Visit to Pushkin
Excursion to The Catherine Palace With Famous Amber Room and Walking to The Park
The town of Pushkin (formerly Tsarskoye Selo), just outside St. Petersburg, has a marvelous ensemble of palaces and parks. It is particularly famous for its impressive baroque Catherine Palace where Catherine the Great lived and died. The palace was almost totally destroyed during World War II, but has risen like a phoenix from the ashes due to the unparalleled restoration effort undertaken since the war. The present-day palace was designed by Bartolomeo Rastrelli, the Royal architect, who created the Winter Palace and the Smolny Cathedral. Most of the restored interiors date back to the times of Empress Elisabeth, daughter of Peter the Great, though there are some early 19th century interiors too. Catherine the Great used to live in a separate wing of the palace, and when she was in her sixties she would still walk through the whole palace on her way to church.
Further on in the Catherine Palace, the most noteworthy interiors are those in the so-called Cameron Rooms, the suites decorated in the reign of Catherine the Great by her favourite architect, Charles Cameron. His penchant for classical symmetry and his superb taste for colour are evident in the charming Green Dining Room, originally fitted for Catherine’s son Paul, and the delightful Blue Drawing Room, with its blue-and-white painted-silk wallpaper and superb painted ceiling. More flamboyant but equally charming, the Chinese Blue Drawing Room also boasts exquisite painted-silk wallpaper featuring intricate Chinese landscapes.
Visit the palace, stroll along the alleys of the park with its numerous pavilions, ponds and sculptures. Next to the palace there is Lyceum (Litzei), a 19th century school for the elite, where the famous Russian poet Alexander Pushkin and many other celebrities studied. Further down the road there is the Aleksandrovsky Palace which must be familiar to those who have read Macey’s «Nicholas and Alexandra». The family of the last Russian tsar Nicholas II used to like this palace and it is from here that the whole family left, in 1917, for Yekaterinburg where they were brutally murdered.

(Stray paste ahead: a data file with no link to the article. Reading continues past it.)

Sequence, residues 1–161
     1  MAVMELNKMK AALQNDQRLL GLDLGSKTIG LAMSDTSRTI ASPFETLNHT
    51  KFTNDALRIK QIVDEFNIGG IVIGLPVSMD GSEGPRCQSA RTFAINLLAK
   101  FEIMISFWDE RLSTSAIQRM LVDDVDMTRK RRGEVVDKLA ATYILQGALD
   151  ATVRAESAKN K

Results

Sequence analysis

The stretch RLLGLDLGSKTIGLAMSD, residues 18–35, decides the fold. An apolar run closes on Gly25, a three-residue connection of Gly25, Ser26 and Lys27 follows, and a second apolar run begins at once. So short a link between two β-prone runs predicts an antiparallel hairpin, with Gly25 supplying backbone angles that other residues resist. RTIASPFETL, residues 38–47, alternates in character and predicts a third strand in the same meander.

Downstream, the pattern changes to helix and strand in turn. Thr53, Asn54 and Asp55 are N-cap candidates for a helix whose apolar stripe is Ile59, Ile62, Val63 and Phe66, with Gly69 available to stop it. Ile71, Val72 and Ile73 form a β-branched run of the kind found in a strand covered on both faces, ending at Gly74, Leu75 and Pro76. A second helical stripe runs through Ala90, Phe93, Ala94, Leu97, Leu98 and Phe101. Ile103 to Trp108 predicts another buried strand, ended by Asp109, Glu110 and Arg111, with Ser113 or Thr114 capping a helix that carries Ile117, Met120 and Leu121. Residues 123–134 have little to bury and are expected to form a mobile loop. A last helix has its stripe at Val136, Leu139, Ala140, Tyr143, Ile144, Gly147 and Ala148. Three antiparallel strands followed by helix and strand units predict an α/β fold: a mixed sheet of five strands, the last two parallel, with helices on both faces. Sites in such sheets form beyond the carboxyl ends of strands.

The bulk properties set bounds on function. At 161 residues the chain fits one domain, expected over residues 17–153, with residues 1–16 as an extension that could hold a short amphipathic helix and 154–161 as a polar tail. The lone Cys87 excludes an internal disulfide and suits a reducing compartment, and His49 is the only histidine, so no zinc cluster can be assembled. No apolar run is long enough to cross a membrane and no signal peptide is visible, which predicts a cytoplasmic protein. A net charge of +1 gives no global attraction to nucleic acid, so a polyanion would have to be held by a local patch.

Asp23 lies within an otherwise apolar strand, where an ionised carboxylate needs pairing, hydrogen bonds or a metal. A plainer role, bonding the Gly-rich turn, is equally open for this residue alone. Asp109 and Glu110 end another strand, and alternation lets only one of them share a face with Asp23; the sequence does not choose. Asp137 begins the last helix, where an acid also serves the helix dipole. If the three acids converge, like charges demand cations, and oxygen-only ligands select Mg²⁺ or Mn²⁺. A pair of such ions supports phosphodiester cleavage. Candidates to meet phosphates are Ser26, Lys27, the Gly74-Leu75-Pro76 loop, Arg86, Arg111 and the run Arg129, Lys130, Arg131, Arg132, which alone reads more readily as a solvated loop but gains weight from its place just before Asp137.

The Greeks believed that amber was the rays of the sun, petrified. Imagine an entire room covered with panels of amber, glowing and catching the light — no wonder the Amber Room at Tsarskoe Selo was considered to be the Eighth Wonder of the World. King Friedrich Wilhelm I of Prussia presented the room as a diplomatic gift to Peter the Great in 1717 after Peter had admired it while a guest in Charlottenburg, Berlin.
The room was first installed in the Winter Palace, but in 1755 Empress Elizabeth ordered Francesco Rastrelli to move it to the Catherine Palace. The individual amber panels were carried from St Petersburg to Tsarskoe Selo by 76 guardsmen in six days. They were not large enough to complete the new 100 m decor, so mosaic and mirror insets were added and the upper part of the walls was painted to imitate amber. There were 4 Florentine mosaics in the decoration of the Amber Room which had been created in Florence (Italy). The mosaics’ plots are 5 allegories: hearing, taste, eyesight, sense of smell, sense of touch.
During the Second World War occupying troops removed the amber panels in September 1941, and they were brought to Alfred Rode, head of the Konigsberg Art Museum in Kaliningrad. Part of the Amber Room was last seen on display in Konigsberg Castle, before being hidden in its catacombs.
The Amber Room was being recreated since 1979 and was opened at the 300-year anniversary of the city of Saint Petersburg.